Researchers in the University of São Paulo’s School of Physical Education and Sports (EEFE-USP) in Brazil compared the effect of two widely used classes of anti-hypertensive drugs on post-exercise hypotension, an expected and beneficial fall in blood pressure after a session of aerobic exercise, especially in the late afternoon or early evening.
According to the researchers, the findings of their study can help health professionals choose the most beneficial time of day for patients to undergo physical therapy depending on the type of drug used to treat their high blood pressure.
The strategy could be particularly advantageous for patients who do not respond well to treatment with medication. “People with resistant hypertension, who take three or more types of drug, preferably including a diuretic, or four drugs or even more, without achieving the desired level of control may benefit by switching their exercise session to late in the day, subject to confirmation by further research,” said Leandro Campos de Brito, a postdoctoral researcher at EEFE-USP’s Exercise Hemodynamics Laboratory with a scholarship from FAPESP. Brito’s research supervisor is Professor Cláudia Lúcia de Moraes Forjaz.
In this study, which was supported by FAPESP, the researchers compared the effect of angiotensin-2 receptor blockers (ARBs) and angiotensin-converting enzyme inhibitors (ACEIs) on patients who performed morning and evening exercise sessions.
Post-exercise blood pressure fell 11 millimeters of mercury (mmHg) in the evening and 6 mmHg in the morning on average in the group that took ARBs, and 6 mmHg and 8 mmHg respectively in the group that took ACEIs. Thus there was a difference of almost 50% in the evening values, while the morning values showed a similar drop for both groups.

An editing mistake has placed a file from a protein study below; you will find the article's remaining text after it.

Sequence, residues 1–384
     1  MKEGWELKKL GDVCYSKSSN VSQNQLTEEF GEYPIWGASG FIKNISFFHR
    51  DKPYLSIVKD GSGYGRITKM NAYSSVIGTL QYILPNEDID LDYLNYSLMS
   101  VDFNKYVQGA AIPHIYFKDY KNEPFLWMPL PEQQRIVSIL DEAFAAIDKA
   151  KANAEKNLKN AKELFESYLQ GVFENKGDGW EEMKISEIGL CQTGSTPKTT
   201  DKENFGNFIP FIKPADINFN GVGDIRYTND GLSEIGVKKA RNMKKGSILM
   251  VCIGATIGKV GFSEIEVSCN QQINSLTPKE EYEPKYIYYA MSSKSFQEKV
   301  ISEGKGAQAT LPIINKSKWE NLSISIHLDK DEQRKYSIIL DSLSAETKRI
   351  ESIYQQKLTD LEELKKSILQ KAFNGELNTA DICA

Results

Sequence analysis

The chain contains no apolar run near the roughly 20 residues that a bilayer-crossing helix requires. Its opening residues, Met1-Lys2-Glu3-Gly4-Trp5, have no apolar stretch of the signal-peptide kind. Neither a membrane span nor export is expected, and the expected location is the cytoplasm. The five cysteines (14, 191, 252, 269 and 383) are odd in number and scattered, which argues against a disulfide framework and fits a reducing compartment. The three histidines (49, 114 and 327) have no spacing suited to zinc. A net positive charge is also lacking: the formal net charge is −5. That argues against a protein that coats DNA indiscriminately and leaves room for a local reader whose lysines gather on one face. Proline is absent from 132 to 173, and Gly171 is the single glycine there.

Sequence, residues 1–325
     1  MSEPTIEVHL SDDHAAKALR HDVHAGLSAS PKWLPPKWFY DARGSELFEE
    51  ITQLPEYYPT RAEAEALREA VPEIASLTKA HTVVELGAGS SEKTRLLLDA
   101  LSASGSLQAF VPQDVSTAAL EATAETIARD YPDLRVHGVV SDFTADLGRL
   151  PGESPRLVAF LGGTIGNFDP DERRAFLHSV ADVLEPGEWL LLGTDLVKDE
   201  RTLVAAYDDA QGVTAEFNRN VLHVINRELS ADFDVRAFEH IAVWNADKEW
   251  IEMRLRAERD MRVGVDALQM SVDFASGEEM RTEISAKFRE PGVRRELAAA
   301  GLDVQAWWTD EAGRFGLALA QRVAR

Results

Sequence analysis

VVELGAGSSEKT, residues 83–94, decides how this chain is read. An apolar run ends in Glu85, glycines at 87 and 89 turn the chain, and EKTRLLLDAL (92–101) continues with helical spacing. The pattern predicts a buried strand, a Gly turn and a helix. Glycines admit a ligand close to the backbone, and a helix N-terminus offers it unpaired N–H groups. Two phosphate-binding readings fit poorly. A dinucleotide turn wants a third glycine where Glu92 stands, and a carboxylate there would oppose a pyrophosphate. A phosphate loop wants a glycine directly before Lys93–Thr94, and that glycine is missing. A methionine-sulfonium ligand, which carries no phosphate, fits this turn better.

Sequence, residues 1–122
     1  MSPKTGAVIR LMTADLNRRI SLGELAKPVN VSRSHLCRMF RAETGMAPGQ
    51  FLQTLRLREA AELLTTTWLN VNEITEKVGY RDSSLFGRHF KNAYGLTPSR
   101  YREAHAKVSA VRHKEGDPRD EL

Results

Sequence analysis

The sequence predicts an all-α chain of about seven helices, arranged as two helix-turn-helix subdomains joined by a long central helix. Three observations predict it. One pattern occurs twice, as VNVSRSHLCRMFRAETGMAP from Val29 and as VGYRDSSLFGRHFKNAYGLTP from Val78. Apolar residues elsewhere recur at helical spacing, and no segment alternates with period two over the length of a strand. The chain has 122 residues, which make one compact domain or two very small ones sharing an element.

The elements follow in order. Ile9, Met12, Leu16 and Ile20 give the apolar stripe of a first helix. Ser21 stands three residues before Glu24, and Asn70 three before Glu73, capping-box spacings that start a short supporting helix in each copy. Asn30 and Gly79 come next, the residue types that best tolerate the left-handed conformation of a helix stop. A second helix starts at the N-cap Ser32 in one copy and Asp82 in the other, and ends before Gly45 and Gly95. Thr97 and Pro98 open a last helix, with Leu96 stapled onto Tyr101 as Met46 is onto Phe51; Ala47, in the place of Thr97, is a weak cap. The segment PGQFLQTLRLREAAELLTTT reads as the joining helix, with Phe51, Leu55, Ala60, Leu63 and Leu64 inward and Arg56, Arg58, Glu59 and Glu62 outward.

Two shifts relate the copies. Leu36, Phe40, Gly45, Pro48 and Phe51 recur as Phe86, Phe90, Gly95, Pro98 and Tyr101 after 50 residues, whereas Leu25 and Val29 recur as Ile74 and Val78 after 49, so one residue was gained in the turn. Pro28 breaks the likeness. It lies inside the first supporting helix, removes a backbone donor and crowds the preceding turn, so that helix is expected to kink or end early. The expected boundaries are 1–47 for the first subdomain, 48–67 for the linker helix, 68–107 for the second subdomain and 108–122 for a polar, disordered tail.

The findings are published in the journal Clinical and Experimental Hypertension.
“Our hypothesis was that ACEIs attenuate post-exercise hypotension, especially in the evening,” Brito said. “Our observation was that ACEIs did indeed attenuate the expected hypotensive effect of exercise in the evening, while ARBs did not.”
The researchers reached this conclusion after submitting 29 men treated for high blood pressure with either ACEIs or ARBs for at least four months to two maximal cardiopulmonary exercise tests using a stationary ergometer exercise bicycle with increments of 15 watts per minute until they were unable to continue. The sessions took place from 7 am to 9 am and from 8 pm to 10 pm on two different days with an interval of three to seven days between sessions. The order of execution was randomly determined, and the evaluators did not know which type of drug each volunteer was taking. Blood pressure was measured in the pre-exercise period and in the post-exercise period after 30 minutes of recovery.
Differences between ACEIs and ARBs